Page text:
Matplotlib’s notebook graph is an interactive graph that can be utilized to draw and edit figures in a Jupyter notebook. With this graph, you can add or remove elements from the figure, change the colors and styles of elements, and save the figure to a file.
You can also easily create stunning visuals that can be used in reports, presentations, and more from the
%matplotlib notebook. It will enable the interactive mode in Matplotlib, allowing you to zoom, pan, and scroll through plots.
%matplotlib notebook is a powerful method that allows you to conveniently create and share your plots and visualizations with others.
Some of the essential features of
- It supports many devices, such as printers, display screens, and interactive graphical environments (notebooks, web application servers, etc.).
- It is a comprehensive set of plotting functions for creating static, animated, and interactive 2D and 3D plots.
- It is the best tool for integrating Matplotlib with popular GUI toolkits like
- It supports generating high-quality output in several formats, including
%matplotlib notebook magic command creates interactive plots in a Jupyter notebook. Type
%matplotlib notebook at the beginning of a Jupyter notebook cell to use this magic command.
%matplotlib notebook magic command is designed to provide an interactive plotting experience, and it is beneficial for exploring data and creating visualizations.
There are a few reasons for creating the
%matplotlib notebook magic command.
- First, it allows users to easily and quickly create interactive plots in the Jupyter Notebook.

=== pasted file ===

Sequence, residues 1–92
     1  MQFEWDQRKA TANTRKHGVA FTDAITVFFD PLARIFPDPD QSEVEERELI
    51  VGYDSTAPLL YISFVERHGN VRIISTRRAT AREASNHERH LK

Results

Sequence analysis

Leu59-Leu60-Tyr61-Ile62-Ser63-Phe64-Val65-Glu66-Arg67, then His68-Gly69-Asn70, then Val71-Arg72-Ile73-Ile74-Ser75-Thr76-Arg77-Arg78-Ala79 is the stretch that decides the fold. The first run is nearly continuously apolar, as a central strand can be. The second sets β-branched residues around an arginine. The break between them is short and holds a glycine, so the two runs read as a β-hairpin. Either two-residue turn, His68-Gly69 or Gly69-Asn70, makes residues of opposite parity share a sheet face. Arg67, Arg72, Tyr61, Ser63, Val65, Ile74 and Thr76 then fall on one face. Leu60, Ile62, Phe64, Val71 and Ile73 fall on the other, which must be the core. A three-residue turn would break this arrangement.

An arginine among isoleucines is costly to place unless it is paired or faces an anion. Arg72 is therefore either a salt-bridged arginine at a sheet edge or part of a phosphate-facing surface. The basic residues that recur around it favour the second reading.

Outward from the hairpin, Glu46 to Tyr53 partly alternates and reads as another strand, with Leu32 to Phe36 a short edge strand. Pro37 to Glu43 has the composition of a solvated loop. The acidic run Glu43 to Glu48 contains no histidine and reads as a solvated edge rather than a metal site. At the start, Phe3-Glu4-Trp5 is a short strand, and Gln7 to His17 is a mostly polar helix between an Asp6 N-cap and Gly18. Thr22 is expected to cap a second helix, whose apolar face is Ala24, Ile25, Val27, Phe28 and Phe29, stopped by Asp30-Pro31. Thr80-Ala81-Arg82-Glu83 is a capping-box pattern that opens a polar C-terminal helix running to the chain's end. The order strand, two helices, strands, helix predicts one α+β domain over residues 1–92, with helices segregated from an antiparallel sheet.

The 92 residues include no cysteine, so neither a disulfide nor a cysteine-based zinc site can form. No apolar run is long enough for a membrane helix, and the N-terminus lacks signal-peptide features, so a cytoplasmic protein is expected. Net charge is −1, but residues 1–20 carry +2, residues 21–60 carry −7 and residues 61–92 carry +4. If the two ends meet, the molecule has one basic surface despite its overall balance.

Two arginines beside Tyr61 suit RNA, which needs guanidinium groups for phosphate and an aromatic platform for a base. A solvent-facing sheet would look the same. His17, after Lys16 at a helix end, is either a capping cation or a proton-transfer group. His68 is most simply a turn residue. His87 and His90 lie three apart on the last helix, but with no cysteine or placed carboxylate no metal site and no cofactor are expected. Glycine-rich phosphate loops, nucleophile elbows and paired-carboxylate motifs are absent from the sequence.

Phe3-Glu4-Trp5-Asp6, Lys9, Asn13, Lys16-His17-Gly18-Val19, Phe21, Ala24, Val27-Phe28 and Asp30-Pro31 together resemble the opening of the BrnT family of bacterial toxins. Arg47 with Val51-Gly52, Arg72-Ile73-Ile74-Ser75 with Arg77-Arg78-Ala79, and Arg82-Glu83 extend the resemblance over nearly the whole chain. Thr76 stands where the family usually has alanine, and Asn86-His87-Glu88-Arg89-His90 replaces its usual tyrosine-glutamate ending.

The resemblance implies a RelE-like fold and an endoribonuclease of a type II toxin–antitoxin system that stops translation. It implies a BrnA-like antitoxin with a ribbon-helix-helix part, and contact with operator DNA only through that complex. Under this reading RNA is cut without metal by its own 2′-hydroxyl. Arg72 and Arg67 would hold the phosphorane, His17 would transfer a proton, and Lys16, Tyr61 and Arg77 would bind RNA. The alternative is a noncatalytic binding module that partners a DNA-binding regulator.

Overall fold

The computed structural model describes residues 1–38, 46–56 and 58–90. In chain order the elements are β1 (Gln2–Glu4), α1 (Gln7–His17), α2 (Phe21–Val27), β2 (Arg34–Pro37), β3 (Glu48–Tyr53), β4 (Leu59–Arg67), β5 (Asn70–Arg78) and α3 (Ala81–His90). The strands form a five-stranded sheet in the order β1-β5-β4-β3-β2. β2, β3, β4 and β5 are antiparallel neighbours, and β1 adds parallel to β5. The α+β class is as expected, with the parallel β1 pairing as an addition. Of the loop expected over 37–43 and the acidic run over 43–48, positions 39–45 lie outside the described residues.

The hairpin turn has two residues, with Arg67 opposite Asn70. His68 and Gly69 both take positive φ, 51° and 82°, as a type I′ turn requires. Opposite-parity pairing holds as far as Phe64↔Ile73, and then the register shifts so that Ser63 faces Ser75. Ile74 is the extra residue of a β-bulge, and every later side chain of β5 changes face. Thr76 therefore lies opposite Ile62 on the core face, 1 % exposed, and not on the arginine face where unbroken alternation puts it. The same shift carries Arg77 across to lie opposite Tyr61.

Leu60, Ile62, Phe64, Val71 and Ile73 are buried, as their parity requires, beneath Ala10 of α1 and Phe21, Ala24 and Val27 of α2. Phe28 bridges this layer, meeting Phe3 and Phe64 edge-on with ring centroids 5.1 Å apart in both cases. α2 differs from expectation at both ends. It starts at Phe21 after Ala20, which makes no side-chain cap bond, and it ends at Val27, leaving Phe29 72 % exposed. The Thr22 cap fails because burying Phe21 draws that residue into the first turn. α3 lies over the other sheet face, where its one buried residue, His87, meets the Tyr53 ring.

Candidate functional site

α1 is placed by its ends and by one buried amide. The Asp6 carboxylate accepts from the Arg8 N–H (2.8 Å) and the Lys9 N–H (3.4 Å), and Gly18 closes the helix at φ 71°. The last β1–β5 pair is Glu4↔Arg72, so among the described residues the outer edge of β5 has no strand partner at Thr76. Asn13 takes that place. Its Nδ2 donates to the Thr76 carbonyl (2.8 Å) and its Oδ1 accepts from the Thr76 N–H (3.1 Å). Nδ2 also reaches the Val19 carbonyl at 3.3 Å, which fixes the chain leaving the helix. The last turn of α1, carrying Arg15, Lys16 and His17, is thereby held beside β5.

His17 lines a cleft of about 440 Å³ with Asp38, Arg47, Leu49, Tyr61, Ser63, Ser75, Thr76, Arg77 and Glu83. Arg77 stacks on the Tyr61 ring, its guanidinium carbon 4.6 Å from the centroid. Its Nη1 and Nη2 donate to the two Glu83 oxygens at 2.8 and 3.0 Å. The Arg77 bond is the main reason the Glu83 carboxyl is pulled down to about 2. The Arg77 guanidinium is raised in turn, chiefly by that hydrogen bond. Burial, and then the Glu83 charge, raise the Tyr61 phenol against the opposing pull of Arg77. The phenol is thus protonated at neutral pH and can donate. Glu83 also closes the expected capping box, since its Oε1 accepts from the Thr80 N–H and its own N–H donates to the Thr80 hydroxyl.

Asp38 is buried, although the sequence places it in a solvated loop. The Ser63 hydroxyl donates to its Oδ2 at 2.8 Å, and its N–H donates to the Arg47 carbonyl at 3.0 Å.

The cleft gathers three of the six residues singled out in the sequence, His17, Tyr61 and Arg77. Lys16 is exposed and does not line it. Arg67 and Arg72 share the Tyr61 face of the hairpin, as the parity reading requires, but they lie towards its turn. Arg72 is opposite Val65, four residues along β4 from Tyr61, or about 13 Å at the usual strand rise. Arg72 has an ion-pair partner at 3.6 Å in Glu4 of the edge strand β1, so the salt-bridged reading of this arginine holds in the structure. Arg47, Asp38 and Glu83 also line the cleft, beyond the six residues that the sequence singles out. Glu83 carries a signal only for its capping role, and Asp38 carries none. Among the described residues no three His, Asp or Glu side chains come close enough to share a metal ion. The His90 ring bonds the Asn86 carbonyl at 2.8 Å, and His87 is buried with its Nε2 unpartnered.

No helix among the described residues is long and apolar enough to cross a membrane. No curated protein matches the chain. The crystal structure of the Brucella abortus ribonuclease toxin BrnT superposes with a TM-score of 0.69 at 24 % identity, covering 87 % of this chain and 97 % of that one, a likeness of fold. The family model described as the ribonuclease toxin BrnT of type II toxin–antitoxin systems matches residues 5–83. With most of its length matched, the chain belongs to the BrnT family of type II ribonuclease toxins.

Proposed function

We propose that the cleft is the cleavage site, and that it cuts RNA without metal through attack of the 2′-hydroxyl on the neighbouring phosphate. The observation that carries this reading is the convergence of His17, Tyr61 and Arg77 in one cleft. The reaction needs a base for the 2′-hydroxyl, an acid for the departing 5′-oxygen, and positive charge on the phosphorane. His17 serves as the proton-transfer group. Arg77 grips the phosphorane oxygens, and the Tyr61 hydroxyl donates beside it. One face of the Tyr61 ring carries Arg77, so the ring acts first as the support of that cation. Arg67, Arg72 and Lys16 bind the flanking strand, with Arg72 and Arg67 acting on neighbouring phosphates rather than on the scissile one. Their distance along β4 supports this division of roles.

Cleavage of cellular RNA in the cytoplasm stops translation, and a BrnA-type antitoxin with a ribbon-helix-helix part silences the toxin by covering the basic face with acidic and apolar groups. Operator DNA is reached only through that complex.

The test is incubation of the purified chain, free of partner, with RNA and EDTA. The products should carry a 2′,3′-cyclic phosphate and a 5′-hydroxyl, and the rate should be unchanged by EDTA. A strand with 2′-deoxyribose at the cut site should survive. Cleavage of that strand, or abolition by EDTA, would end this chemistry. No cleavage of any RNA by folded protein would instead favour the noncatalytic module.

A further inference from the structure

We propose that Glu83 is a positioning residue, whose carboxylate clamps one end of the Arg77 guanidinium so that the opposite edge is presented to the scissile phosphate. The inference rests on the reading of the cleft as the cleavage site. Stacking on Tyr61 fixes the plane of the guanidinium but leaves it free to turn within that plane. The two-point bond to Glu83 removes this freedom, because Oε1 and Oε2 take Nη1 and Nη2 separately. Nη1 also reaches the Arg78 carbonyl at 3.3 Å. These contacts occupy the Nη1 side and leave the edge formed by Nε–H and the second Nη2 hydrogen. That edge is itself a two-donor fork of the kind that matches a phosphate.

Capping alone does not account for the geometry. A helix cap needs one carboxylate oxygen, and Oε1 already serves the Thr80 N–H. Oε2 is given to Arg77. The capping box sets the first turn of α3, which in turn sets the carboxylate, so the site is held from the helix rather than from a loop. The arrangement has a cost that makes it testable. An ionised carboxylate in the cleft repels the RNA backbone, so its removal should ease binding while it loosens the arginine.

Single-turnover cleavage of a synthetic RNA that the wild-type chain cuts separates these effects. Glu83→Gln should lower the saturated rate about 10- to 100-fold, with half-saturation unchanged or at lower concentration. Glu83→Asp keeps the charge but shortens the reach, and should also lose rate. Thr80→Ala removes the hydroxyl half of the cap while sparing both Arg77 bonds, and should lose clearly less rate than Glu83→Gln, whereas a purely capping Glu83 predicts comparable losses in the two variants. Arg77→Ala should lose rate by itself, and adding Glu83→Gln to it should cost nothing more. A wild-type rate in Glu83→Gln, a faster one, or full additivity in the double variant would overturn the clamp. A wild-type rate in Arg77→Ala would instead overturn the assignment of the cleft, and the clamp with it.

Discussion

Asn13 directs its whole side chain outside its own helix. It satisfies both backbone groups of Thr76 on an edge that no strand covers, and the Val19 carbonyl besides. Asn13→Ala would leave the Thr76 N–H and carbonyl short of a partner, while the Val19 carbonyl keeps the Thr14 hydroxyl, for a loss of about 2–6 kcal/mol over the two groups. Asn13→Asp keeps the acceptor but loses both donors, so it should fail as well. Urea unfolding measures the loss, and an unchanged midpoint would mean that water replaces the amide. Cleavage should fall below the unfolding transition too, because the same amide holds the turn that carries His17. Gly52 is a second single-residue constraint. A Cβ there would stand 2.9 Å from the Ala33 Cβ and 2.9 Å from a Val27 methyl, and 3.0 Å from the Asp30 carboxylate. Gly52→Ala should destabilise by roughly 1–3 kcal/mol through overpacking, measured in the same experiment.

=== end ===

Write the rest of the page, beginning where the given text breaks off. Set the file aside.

- Second, sharing these plots with others via the Jupyter Notebook view or by exporting them to a file makes it possible.
- Finally, the
%matplotlib notebookmagic command is a convenient way to access the Matplotlib API.
%matplotlib inline vs
If you’re using Jupyter Notebook to create plots, you’ll need to decide whether to use the
%matplotlib inline or
%matplotlib notebook magic commands.
Both of these commands will embed your plot into the notebook, but they have different consequences for interactivity.
%matplotlib inline will embed your plot into the notebook as a static image. It is recommended to display plots in Jupyter Notebook, as it will ensure that your plot is always up-to-date with the data you’re using.
However, because the plot is static, you will not be able to interact with it like zoom in or out, pan, etc. But
%matplotlib inline is great when you want preliminary data exploration and need the results to show up quickly.
%matplotlib inline import matplotlib.pyplot as plt plt.plot([1,1.6,3])
%matplotlib notebook will embed your plot into the notebook as an interactive widget. It means you can interact with the plot, but it may not always be up-to-date with the data you’re using.
If you’re using
%matplotlib notebook, it’s important to be aware of this trade-off and decide whether the interactivity is more important than the up-to-datedness of plot. However, it’s better to share the results with others.
There are a few reasons why the
%matplotlib notebook is better for sharing the results with others.
- It is interactive, meaning people can play with the data and see the results themselves.
- Second, it is easy to save and share notebooks so others can access the results.
- Finally, the notebook format is easy to read and understand so that people can follow the analysis.
%matplotlib notebook #calling it a second time may prevent some graphics errors %matplotlib notebook import matplotlib.pyplot as plt plt.plot([1,1.6,3])
There are two ways to render plots in Python, and each method has its benefits. The usage of
%matplotlib notebook is suggested because it allows you to see the plots in line with the rest of the code.
Further, it helps interact with plots by panning and zooming to investigate points of interest.